The MVPN PEs that act as customer RPs or have one or more MSDP sessions in a VPN (or the global table in case of GTM) are treated as an MSDP mesh group for that VPN (or the global table). In the rest of the document, it is referred to as the PE mesh group. This PE mesh group MUST NOT include other MSDP speakers and is integrated into the rest of the MSDP infrastructure for the VPN (or the global table) following normal MSDP rules and practices.
When an MVPN PE advertises an MVPN SA route following procedures in [RFC6514] for the "spt-only" mode, it MUST attach an "MVPN SA RP- address Extended Community". This is a Transitive IPv4-Address- Specific Extended Community. The Local Administrator field is set to zero, and the Global Administrator field is set to an RP address determined as the following:
- If the (C-S,C-G) is learnt as a result of the PIM Register mechanism, the local RP address for the C-G is used.
- If the (C-S,C-G) is learnt as a result of incoming MSDP SA messages, the RP address in the selected MSDP SA message is used.
In addition to the procedures in [RFC6514], an MVPN PE may be provisioned to generate MSDP SA messages from received MVPN SA routes, with or without local policy control. If a received MVPN SA route triggers an MSDP SA message, the MVPN SA route is treated as if a corresponding MSDP SA message was received from within the PE mesh group and normal MSDP procedure is followed (e.g., an MSDP SA message is advertised to other MSDP peers outside the PE mesh group). The (S,G) information comes from the (C-S,C-G) encoding in the MVPN SA Network Layer Reachability Information (NLRI), and the RP address comes from the "MVPN SA RP-address EC" mentioned above. If the received MVPN SA route does not have the EC (this could be from a legacy PE that does not have the capability to attach the EC), the local RP address for the C-G is used. In that case, it is possible that the RP inserted into the MSDP SA message for the C-G is actually the MSDP peer to which the generated MSDP message is advertised, causing the peer to discard it due to RPF failure. To get around that problem, the peer SHOULD use local policy to accept the MSDP SA message.
An MVPN PE MAY treat only the best MVPN SA route selected by the BGP route selection process (instead of all MVPN SA routes) for a given (C-S,C-G) as a received MSDP SA message (and advertise the corresponding MSDP message). In that case, if the selected best MVPN SA route does not have the "MVPN SA RP-address EC" but another route for the same (C-S, C-G) does, then the next best route with the EC SHOULD be chosen. As a result, if/when the best MVPN SA route with the EC changes, a new MSDP SA message is advertised if the RP address determined according to the newly selected MVPN SA route is different from before. The MSDP SA state associated with the previously advertised MSDP SA message with the older RP address will be timed out.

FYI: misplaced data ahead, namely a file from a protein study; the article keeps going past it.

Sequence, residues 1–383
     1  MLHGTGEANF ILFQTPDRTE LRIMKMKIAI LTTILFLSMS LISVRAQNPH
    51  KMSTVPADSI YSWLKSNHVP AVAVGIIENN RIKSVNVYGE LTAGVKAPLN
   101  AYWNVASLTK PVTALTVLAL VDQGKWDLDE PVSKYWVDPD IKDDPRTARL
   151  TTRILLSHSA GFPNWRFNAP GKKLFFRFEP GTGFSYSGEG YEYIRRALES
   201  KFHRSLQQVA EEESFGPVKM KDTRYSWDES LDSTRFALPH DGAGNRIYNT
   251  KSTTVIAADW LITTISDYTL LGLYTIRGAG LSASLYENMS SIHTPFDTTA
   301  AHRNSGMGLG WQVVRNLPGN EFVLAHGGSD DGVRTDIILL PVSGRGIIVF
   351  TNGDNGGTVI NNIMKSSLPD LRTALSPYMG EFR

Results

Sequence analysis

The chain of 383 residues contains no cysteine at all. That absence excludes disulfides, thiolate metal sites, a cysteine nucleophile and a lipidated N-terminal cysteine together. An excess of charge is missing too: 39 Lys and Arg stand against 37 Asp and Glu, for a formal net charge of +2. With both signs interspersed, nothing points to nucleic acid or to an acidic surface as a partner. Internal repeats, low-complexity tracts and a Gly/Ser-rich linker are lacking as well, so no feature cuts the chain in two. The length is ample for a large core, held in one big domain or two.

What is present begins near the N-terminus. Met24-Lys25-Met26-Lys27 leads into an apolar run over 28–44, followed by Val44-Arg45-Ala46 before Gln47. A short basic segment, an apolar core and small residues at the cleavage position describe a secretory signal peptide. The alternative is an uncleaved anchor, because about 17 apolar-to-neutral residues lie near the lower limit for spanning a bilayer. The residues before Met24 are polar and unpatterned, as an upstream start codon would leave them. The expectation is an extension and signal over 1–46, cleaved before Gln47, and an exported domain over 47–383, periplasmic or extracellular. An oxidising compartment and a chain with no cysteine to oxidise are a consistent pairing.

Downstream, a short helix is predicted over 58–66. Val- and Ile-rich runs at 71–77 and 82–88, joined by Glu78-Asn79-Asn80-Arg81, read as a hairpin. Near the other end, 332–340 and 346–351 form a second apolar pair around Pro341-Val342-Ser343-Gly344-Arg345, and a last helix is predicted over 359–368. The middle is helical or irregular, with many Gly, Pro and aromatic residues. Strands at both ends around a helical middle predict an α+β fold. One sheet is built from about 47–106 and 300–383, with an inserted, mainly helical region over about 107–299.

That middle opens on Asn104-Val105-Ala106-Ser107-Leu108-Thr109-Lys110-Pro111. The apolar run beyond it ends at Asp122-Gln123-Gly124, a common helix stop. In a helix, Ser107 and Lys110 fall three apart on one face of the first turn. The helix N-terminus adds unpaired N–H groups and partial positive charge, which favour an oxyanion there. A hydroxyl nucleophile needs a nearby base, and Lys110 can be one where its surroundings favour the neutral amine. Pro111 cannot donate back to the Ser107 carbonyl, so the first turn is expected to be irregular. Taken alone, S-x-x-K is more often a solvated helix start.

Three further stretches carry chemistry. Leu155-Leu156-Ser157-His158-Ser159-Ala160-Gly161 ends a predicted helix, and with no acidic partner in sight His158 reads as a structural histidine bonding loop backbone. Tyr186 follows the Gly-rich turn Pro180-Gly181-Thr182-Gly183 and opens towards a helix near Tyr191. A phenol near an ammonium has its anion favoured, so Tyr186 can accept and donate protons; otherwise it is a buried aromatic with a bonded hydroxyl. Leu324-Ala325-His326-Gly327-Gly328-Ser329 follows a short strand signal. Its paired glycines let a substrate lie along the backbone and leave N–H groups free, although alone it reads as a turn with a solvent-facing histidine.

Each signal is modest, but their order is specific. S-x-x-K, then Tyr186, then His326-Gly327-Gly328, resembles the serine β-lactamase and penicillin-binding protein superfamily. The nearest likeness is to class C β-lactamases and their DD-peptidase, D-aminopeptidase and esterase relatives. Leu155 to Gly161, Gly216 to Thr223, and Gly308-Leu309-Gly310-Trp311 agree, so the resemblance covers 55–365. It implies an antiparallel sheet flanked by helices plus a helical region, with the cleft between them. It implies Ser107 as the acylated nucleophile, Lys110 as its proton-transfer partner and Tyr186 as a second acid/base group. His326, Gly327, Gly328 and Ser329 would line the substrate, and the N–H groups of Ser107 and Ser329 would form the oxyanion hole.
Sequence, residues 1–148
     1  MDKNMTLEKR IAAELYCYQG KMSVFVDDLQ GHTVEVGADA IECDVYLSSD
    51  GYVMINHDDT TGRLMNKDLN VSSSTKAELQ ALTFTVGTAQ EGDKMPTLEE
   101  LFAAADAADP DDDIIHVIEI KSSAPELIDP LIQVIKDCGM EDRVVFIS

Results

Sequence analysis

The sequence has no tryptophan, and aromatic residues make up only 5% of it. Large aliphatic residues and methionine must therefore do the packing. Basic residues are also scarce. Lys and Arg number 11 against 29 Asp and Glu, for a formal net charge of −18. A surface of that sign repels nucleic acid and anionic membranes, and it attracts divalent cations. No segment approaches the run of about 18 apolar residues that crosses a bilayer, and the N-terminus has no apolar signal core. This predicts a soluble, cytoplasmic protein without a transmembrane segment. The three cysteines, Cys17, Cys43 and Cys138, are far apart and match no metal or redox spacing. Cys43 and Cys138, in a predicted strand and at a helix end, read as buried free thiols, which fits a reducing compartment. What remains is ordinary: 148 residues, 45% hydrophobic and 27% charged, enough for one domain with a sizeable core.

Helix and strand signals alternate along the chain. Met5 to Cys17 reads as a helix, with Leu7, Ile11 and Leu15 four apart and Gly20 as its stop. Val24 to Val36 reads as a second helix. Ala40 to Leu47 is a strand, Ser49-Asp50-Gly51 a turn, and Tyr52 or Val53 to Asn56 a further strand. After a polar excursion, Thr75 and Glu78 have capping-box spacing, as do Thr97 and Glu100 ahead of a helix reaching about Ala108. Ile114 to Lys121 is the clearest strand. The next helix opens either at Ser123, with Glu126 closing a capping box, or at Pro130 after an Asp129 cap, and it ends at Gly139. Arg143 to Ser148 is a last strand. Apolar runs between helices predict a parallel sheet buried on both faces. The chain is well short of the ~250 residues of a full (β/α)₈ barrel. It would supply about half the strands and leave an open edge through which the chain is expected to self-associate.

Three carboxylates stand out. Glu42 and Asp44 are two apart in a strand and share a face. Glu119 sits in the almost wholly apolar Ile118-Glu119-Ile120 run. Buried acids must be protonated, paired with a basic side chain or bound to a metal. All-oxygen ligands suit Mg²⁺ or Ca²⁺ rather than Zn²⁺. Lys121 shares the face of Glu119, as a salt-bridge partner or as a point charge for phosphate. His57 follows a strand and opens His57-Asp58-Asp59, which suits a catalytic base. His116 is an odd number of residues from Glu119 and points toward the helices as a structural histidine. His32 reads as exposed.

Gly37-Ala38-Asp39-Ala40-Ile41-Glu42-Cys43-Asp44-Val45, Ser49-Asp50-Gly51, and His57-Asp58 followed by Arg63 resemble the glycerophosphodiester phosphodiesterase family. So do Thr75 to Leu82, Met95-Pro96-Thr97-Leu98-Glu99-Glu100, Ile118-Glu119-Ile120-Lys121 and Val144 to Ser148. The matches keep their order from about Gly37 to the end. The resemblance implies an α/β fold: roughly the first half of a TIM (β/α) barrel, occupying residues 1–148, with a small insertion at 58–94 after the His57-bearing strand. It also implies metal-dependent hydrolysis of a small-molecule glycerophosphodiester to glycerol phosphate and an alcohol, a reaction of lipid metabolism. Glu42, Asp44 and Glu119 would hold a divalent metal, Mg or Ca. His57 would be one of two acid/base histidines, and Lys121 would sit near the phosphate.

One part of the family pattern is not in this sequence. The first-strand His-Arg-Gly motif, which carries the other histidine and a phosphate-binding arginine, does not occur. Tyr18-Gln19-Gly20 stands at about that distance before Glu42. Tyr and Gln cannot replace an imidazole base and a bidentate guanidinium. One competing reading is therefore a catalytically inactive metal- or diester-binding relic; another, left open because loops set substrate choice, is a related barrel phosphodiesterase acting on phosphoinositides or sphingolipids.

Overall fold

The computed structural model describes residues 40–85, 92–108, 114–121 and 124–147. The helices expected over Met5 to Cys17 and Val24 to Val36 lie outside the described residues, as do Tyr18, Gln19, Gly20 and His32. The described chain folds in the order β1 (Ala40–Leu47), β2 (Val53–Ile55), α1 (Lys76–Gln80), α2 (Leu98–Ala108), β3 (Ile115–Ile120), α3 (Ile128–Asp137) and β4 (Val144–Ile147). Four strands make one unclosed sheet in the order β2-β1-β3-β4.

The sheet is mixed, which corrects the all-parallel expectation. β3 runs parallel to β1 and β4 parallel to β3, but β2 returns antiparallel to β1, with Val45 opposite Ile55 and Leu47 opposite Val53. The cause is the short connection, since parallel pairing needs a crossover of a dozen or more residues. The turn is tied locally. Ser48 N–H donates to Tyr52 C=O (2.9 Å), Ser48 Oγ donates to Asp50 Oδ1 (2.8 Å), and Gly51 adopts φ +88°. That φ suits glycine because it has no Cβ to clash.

4. Security Considerations
[RFC6514] specifies the procedure for a PE to generate an MVPN SA upon discovering a (C-S,C-G) flow (e.g., via a received MSDP SA message) in a VPN. This document extends this capability in the reverse direction -- upon receiving an MVPN SA route in a VPN, generate a corresponding MSDP SA and advertise it to MSDP peers in the same VPN. As such, the capabilities specified in this document introduce no additional security considerations beyond those already specified in [RFC6514] and [RFC3618]. Moreover, the capabilities specified in this document actually eliminate the control message amplification that exists today where VPN-specific MSDP sessions are required among the PEs that are customer MSDP peers, which lead to redundant messages (MSDP SAs and MVPN SAs) being carried in parallel between PEs.
5. IANA Considerations
IANA registered the following in the "Transitive IPv4-Address- Specific Extended Community Sub-Types" registry:
+=======+=======================================+ | Value | Description | +=======+=======================================+ | 0x20 | MVPN SA RP-address Extended Community | +-------+---------------------------------------+
6.1. Normative References
[RFC2119] Bradner, S., "Key words for use in RFCs to Indicate Requirement Levels", BCP 14, RFC 2119, DOI 10.17487/RFC2119, March 1997, <https://www.rfc-editor.org/info/rfc2119>. [RFC3618] Fenner, B., Ed. and D. Meyer, Ed., "Multicast Source Discovery Protocol (MSDP)", RFC 3618, DOI 10.17487/RFC3618, October 2003, <https://www.rfc-editor.org/info/rfc3618>. [RFC6514] Aggarwal, R., Rosen, E., Morin, T., and Y. Rekhter, "BGP Encodings and Procedures for Multicast in MPLS/BGP IP VPNs", RFC 6514, DOI 10.17487/RFC6514, February 2012, <https://www.rfc-editor.org/info/rfc6514>. [RFC8174] Leiba, B., "Ambiguity of Uppercase vs Lowercase in RFC 2119 Key Words", BCP 14, RFC 8174, DOI 10.17487/RFC8174, May 2017, <https://www.rfc-editor.org/info/rfc8174>.
6.2. Informative References
[RFC2764] Gleeson, B., Lin, A., Heinanen, J., Armitage, G., and A. Malis, "A Framework for IP Based Virtual Private Networks", RFC 2764, DOI 10.17487/RFC2764, February 2000, <https://www.rfc-editor.org/info/rfc2764>. [RFC6513] Rosen, E., Ed. and R. Aggarwal, Ed., "Multicast in MPLS/ BGP IP VPNs", RFC 6513, DOI 10.17487/RFC6513, February 2012, <https://www.rfc-editor.org/info/rfc6513>. [RFC7716] Zhang, J., Giuliano, L., Rosen, E., Ed., Subramanian, K., and D. Pacella, "Global Table Multicast with BGP Multicast VPN (BGP-MVPN) Procedures", RFC 7716, DOI 10.17487/RFC7716, December 2015, <https://www.rfc-editor.org/info/rfc7716>.
The authors thank Eric Rosen, Vinod Kumar, Yajun Liu, Stig Venaas, Mankamana Mishra, Gyan Mishra, Qin Wu, and Jia He for their reviews, comments, questions, and suggestions for this document.